'Cooking at home is very different because I can switch off': Apichat Amatmontri

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Cooking at home is very different because I can switch off: Apichat Amatmontri

The Pai Thai chef on the hits and misses of his culinary journey

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Published: Fri 16 Jun 2017, 1:00 PM

Last updated: Fri 16 Jun 2017, 3:00 PM

Your favourite memory of food.
Being Thai, I grew up having herbs and spices seasoning my taste buds on a daily basis - they brought every dish to life. I can't get enough of Thai noodles with chicken, and I never get bored of eating them either.
What's the most challenging part of your job?
Having to work with special dietary requirements and allergies. It's difficult when I have to prepare food for lots of guests with different allergies, making sure that everything I prepare is safe for consumption. I don't want to make anyone ill! Sourcing consistently good ingredients on a regular basis is another challenge and, sometimes, I find myself having to take some items off the menu when quality products aren't available - I hate disappointing customers!
What does cooking mean to you?
Food is a basic need for any human being. I'm lucky that I'm able to cook food for people I care about, learn to understand their tastes and develop recipes accordingly. I'm extremely passionate about cooking - it's what keeps me doing what I do.
If you could cook for a high-profile personality, who would it be and what would you serve them?
Definitely Gordon Ramsey. I'd cook him a Thai Green Curry. I'd love to see his reaction after his first bite - I imagine it would make for great TV.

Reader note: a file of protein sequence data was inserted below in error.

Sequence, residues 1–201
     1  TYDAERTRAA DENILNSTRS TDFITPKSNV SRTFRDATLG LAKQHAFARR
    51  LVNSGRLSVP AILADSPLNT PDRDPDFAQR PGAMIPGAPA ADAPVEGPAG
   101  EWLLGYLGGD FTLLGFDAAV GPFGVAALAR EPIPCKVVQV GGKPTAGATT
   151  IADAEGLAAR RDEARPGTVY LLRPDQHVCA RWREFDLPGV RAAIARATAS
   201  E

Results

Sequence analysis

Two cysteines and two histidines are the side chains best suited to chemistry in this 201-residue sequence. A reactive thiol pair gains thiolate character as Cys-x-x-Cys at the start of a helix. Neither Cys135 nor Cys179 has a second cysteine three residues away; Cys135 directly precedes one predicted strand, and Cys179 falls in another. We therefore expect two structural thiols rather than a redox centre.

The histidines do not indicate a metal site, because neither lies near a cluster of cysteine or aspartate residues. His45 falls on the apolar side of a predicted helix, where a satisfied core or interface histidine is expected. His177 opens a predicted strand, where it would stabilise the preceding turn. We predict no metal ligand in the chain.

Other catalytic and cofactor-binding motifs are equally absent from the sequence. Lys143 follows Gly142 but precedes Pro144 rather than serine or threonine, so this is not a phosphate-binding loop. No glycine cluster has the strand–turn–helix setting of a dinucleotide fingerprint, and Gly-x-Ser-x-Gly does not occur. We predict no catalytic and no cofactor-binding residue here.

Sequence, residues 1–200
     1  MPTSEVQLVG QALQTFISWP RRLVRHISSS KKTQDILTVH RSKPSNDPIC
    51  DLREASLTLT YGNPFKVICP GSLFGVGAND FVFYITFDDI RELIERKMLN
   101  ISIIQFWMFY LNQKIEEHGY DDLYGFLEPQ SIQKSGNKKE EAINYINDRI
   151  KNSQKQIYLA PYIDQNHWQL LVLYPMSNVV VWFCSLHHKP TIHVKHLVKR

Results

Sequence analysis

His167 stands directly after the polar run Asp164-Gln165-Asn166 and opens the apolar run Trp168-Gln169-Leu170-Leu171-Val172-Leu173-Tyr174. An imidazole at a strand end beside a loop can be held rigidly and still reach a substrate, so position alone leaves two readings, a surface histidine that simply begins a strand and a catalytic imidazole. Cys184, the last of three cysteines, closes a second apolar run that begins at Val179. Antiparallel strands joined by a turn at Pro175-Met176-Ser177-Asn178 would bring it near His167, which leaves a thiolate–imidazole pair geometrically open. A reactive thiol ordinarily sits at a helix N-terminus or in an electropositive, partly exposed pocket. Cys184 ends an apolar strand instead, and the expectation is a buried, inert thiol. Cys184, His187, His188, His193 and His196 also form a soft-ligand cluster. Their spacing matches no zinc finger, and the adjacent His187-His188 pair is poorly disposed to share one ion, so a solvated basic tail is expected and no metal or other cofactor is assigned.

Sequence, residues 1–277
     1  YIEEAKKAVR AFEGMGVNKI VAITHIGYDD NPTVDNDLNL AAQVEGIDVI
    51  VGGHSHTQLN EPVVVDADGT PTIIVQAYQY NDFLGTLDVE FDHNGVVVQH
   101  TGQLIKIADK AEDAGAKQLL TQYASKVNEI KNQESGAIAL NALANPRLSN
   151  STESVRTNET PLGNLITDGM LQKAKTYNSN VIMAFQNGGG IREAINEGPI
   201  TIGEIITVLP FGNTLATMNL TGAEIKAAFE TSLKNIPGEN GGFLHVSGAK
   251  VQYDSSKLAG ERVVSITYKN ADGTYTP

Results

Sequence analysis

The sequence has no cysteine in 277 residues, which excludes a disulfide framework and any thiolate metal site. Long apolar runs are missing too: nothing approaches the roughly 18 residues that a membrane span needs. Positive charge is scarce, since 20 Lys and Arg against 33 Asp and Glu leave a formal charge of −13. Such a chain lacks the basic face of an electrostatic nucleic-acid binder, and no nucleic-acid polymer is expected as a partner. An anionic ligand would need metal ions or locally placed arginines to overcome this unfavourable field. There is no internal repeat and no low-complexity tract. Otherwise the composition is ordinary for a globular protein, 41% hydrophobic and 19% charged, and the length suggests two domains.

How often do you eat out? What's your favourite place around town?
I try to go out once a week when I'm not working. No favourite place in particular; I like to go to the malls and to different hotels, dine in new restaurants and experience new cuisines. It's a great learning experience.
After cooking all day, do you cook for yourself at home too?
Yes, of course! At work, I don't enjoy cooking and eating at the same time, but cooking and eating at home is a completely different experience. I can switch off, and stop thinking about anything but what I
am eating.
You're asked to invent an unusual dish - what would it be?
I'd make Thai Spaghetti. It's rice noodles with hot basil sauce topped up with Parmesan and oven-baked. Absolutely delightful!
Who do you admire most in the culinary world, and why?
Christian Gradnitzer, the former culinary director of the Jumeirah Group. He's extremely innovative, knows the market very well, and keeps his team highly motivated all the time.
Favourite comfort food?
Definitely Pad Thai Noodles, because they have all the nutrients that one needs to stay fit and healthy. Oh, and the best bit is that it's simple to prepare.
One ingredient or dish you can't stand, and why.
I'm not fussy at all when it comes to food, but I'm not a big fan of cheese - especially the 'stinkier' varieties like blue cheese. They have an overpowering smell and flavour that I just don't like.
If you could choose a last meal, what would it be?
Minced duck salad and sticky rice. Prepared Thai style, of course.
Your favourite culinary destination, and why?
It has to be the city I call home - Dubai. It's home to every type of restaurant you can think of, and I love being able to experience all the different types of cultures and cuisines.
- Staff reporter



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